When Nicole Capretz, executive director of the San Diego-based Climate Action Campaign, and other environmental leaders sat down to pen the city’s Climate Action Plan (CAP), they knew that to lift disadvantaged communities out of the smog, they’d also have to plot a way to lift them above the poverty line.
The CAP, which debuted in December of 2015, got wall-to-wall coverage for being the first municipal climate plan in the United States to make its goals legally binding.
But after the plan’s architects wrapped up the technical part, which promises a 50 percent reduction in greenhouse gases and a city that’s running on 100 percent renewable energy by 2035, Capretz says it felt clear that something was missing.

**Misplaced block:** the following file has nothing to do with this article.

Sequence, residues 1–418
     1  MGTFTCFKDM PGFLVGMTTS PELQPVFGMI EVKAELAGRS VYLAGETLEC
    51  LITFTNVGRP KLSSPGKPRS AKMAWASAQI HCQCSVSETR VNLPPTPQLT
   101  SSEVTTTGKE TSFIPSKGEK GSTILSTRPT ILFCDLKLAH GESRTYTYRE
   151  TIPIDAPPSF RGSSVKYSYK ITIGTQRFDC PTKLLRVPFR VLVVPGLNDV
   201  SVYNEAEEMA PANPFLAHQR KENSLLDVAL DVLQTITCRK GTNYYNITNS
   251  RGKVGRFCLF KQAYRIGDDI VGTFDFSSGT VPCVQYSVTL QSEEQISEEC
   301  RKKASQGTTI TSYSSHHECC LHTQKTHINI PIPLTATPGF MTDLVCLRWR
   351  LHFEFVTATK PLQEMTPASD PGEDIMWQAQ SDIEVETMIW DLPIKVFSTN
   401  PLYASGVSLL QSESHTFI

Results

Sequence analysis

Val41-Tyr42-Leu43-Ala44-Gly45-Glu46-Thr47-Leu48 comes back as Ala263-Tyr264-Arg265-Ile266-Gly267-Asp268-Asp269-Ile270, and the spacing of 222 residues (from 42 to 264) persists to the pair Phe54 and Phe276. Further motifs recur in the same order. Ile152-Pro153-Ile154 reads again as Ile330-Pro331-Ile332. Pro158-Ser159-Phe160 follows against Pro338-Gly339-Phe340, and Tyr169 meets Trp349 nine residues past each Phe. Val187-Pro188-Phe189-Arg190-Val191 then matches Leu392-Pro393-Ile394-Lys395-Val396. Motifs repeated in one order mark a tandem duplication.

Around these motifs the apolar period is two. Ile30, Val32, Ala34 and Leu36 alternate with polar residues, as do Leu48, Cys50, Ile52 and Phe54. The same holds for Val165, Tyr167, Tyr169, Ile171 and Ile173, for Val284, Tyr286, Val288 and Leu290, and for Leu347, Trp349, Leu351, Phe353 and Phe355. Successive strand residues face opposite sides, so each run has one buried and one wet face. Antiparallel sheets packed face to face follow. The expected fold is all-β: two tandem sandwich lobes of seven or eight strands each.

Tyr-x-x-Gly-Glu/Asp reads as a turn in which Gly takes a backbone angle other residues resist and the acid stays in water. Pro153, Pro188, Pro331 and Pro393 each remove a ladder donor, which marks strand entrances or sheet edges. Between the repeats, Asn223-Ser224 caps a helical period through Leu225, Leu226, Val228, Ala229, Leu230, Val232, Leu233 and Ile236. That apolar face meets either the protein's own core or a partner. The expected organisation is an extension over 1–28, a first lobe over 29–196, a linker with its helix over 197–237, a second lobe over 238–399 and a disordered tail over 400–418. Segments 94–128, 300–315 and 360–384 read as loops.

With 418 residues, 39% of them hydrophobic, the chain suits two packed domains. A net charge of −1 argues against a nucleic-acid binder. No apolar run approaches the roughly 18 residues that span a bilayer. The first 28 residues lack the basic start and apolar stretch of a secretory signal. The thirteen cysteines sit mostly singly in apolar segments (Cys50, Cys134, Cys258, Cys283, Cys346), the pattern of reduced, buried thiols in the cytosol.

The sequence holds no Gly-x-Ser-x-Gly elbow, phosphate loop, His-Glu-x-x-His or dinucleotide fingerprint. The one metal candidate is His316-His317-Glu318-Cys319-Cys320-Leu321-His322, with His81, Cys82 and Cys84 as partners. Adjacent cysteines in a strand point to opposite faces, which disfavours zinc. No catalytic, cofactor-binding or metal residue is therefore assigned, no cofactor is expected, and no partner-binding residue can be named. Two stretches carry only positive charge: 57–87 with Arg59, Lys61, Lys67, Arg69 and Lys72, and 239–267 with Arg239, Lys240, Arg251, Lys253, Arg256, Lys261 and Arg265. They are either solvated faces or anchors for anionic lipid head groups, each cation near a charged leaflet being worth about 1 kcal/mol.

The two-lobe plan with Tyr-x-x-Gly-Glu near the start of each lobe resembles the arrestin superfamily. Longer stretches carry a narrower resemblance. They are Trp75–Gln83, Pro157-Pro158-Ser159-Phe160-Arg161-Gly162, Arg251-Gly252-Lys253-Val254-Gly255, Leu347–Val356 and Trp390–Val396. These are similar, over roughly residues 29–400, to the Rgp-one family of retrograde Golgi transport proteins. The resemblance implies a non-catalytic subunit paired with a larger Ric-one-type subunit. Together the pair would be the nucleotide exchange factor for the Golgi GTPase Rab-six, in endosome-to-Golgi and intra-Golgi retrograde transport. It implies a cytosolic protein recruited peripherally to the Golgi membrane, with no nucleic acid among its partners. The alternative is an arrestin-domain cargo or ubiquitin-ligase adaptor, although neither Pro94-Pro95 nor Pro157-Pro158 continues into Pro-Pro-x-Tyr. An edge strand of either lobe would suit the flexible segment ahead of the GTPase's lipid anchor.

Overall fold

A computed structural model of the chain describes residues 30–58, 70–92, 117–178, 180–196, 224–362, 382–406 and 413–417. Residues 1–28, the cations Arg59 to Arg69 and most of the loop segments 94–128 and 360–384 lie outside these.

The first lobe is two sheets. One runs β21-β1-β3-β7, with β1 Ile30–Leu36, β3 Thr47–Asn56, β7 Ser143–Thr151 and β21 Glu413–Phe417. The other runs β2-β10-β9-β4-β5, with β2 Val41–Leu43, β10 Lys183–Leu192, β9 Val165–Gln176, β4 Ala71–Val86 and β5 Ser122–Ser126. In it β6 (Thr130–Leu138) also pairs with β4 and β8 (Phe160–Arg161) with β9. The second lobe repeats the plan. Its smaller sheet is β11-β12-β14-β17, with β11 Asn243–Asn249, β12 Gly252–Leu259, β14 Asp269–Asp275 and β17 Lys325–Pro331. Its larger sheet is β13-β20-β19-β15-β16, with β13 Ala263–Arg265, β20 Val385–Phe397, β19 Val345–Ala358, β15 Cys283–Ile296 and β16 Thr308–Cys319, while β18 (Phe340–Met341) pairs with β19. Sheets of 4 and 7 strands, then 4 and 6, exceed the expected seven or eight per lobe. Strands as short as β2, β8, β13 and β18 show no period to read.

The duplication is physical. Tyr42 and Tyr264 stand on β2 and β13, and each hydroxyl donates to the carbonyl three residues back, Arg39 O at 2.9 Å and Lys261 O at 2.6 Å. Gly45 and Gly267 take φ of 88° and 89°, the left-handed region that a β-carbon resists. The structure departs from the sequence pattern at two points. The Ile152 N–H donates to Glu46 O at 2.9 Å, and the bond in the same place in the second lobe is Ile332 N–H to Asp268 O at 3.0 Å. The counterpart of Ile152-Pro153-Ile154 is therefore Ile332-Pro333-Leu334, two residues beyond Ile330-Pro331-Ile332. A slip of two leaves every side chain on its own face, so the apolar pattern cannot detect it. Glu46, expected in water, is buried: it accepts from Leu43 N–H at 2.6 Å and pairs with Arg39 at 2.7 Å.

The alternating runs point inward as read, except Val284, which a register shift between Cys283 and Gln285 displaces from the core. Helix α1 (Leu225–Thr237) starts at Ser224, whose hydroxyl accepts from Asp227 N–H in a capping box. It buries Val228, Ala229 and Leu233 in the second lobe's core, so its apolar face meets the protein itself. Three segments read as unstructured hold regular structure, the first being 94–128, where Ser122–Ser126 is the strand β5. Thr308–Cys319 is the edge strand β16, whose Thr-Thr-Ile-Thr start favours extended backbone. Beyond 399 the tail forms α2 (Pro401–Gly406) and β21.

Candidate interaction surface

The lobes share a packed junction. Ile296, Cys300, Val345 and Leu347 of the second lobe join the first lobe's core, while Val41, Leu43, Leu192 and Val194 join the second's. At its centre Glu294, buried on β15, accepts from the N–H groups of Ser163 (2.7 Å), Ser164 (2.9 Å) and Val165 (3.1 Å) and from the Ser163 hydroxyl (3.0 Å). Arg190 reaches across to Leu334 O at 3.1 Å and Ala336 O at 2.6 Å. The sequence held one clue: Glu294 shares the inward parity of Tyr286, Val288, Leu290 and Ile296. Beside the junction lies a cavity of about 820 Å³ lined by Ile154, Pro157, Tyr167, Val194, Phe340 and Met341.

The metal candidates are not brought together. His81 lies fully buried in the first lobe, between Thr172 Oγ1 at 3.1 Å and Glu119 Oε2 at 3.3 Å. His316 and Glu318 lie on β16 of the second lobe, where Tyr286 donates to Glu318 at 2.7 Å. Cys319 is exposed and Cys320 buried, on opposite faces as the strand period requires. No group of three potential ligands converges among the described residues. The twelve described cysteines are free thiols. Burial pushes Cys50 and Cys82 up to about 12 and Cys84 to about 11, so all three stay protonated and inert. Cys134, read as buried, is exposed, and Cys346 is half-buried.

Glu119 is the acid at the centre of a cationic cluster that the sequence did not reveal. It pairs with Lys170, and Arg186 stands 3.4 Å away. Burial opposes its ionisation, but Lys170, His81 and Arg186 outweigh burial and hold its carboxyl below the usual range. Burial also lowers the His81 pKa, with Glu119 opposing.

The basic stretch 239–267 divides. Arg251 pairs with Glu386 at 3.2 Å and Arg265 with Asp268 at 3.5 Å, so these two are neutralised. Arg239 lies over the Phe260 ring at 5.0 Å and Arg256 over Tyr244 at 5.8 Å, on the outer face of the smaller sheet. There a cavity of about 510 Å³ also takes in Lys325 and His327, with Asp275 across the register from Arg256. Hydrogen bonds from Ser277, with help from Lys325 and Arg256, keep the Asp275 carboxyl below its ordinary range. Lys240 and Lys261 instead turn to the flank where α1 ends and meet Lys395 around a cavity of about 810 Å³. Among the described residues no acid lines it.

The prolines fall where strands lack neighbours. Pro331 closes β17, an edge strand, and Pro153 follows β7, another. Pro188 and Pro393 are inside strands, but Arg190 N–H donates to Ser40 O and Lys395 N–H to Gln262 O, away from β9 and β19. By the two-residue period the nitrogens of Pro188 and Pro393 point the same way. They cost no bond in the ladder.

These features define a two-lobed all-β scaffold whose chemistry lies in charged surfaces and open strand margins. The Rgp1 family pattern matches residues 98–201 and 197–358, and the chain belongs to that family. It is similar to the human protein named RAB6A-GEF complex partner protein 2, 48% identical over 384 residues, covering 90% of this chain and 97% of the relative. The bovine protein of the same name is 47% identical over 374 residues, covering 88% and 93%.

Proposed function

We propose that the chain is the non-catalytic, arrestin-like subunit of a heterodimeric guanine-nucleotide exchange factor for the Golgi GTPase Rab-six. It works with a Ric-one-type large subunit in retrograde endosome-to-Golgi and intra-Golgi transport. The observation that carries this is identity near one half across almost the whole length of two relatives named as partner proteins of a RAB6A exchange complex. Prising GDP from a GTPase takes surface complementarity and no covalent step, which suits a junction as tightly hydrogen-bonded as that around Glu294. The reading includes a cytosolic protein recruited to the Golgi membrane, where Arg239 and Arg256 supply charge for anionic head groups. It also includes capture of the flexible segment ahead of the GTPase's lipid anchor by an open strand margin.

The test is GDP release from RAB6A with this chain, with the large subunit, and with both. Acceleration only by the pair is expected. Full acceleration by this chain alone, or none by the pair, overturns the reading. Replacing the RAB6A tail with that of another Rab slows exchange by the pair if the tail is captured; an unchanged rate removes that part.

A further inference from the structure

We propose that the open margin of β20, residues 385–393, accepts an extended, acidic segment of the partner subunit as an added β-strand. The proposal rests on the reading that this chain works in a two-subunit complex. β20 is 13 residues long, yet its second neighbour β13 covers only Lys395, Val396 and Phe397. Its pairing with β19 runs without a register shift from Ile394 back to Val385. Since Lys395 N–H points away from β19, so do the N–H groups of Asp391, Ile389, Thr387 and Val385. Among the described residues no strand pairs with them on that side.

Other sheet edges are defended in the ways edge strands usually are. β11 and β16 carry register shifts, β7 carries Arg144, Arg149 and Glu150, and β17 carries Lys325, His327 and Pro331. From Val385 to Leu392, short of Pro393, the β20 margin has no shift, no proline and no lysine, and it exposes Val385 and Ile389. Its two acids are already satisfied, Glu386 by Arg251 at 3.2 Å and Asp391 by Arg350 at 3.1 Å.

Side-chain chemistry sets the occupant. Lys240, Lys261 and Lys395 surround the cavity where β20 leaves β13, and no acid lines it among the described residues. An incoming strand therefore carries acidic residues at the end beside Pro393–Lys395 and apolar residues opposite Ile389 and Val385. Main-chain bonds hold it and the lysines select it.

“From then it was: How do we factor in historical disinvestment in [disadvantaged] communities, and making sure we’re protecting and serving the most vulnerable communities from climate change?” she says.
The answer was to devote an entire component of the plan to social equity, with a big focus on infrastructure investment and job creation.
Low-income communities in San Diego, the plan declares, will not only be the first to see drops in pollution from greenhouse gas emission reductions, but community reinvestment initiatives in infrastructure and job access to cleantech jobs, one of the city’s booming industries.
In other words, with each CAP-backed project — solar installations, energy-efficient construction, bike lanes — will come work opportunities for the very neighborhoods these projects will benefit the most.